It was this classical body, further purified and corrupted in Stalinist ‘realism’, that Mikhail Bakhtin counterposed with the altogether more fleshy and visceral ‘grotesque realism’ of the medieval body. For Bakhtin, the classical form was above all a self-contained unity,
an entirely finished, completed, strictly limited body, which is shown from the outside as something individual. That which protrudes, bulges, sprouts, or branches off is eliminated, hidden or moderated. All orifices of the body are closed. The basis of the image is the individual, strictly limited mass, the impenetrable facade. The opaque surface of the body’s ‘valleys’ acquires an essential meaning as the border of a closed individuality that does not merge with other bodies and with the world. All attributes of the unfinished world are carefully removed, as well as all signs of its inner life.7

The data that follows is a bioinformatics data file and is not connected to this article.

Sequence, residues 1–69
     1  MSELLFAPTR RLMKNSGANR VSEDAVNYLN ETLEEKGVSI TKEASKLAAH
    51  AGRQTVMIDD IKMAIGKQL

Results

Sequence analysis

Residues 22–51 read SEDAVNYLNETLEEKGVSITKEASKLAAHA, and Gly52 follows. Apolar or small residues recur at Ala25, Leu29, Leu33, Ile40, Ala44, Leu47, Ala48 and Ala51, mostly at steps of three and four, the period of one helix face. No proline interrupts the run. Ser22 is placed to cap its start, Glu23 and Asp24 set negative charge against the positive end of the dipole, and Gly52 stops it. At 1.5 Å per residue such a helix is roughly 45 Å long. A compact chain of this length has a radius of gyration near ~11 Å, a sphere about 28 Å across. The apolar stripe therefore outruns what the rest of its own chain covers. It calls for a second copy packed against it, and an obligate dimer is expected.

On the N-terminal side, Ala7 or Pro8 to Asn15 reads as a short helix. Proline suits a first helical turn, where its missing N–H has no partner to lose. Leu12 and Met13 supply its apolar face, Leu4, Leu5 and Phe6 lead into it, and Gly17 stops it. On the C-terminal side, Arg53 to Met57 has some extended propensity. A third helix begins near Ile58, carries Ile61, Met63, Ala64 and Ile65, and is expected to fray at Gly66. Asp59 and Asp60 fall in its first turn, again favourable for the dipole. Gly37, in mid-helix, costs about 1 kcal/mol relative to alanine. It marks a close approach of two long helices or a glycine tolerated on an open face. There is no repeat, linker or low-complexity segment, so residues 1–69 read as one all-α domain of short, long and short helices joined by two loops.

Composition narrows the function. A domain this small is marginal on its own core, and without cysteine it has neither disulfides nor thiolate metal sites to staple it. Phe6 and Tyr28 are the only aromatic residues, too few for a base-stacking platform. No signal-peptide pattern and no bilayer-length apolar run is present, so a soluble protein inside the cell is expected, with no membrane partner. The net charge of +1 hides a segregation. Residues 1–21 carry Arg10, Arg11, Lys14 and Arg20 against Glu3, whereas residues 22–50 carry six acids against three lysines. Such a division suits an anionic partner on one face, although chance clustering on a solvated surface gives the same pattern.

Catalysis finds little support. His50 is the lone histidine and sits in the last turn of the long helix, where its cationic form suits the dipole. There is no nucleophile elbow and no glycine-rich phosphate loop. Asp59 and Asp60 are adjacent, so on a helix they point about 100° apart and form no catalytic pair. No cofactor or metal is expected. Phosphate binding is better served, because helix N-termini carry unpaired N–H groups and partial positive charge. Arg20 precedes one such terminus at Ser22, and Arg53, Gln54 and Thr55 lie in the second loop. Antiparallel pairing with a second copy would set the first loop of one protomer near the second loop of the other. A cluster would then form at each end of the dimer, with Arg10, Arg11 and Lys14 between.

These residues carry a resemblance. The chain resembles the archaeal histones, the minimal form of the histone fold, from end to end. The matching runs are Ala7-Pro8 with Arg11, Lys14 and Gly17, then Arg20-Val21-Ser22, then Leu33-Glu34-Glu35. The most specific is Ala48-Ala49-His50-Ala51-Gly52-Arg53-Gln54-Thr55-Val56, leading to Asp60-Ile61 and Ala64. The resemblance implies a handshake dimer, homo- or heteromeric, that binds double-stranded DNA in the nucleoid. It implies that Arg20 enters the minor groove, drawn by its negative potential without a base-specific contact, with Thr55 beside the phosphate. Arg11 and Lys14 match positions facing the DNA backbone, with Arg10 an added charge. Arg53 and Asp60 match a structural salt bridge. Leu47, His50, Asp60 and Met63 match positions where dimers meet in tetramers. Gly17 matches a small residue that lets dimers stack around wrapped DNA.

Bakhtin’s description of the classical body also describes with uncanny accuracy the art collector’s ‘minimalist’ interior, where everything was finished, completed and strictly limited in a closed individuality that was not allowed to merge with the world outside. The idea that anything might protrude, bulge, sprout or branch off from this sheer whiteness was inconceivable. The inner life of this world was entirely hidden: nothing was allowed to spill out from its allotted space; all circuitry, all conduits, all the accumulated stuff that attaches itself to an everyday life remained concealed, held in, snapped shut. Every surface was a closed, impenetrable façade: cupboards were disguised as walls, there were no clues or handles or anything to distinguish one surface from another; just as there were no protrusions, neither was there a single visible aperture. In this way, openness really was an illusion maintained by closure, simplicity was ridiculously overcomplicated, and unadorned clarity was made hopelessly confusing. You really could become lost in this apparently blank and empty white space. In its need to differentiate itself from that which was without, nothing could be differentiated within. This space was clearly a model for how a body ought to be: enclosed, contained, sealed. The ideal body: without flesh of any kind, old or young, beautiful or battered, scented or smelly; without movement, external or internal; without appetites. (That is why the kitchen was such a disturbing place – but not nearly as disturbing as the toilet.) But perhaps it was more perverse than that; perhaps this was a model of what the body should be like from within. Not a place of fluids, organs, muscles, tendons and bones all in a constant, precarious and living tension with each other, but a vacant, hollow, whited chamber, scraped clean, cleared of any evidence of the grotesque embarrassments of an actual life. No smells, no noises, no colour; no changing from one state to another and the uncertainty that comes with it; no exchanges with the outside world and the doubt and the dirt that goes with that; no eating, no drinking, no pissing, no shitting, no sucking, no fucking, no nothing.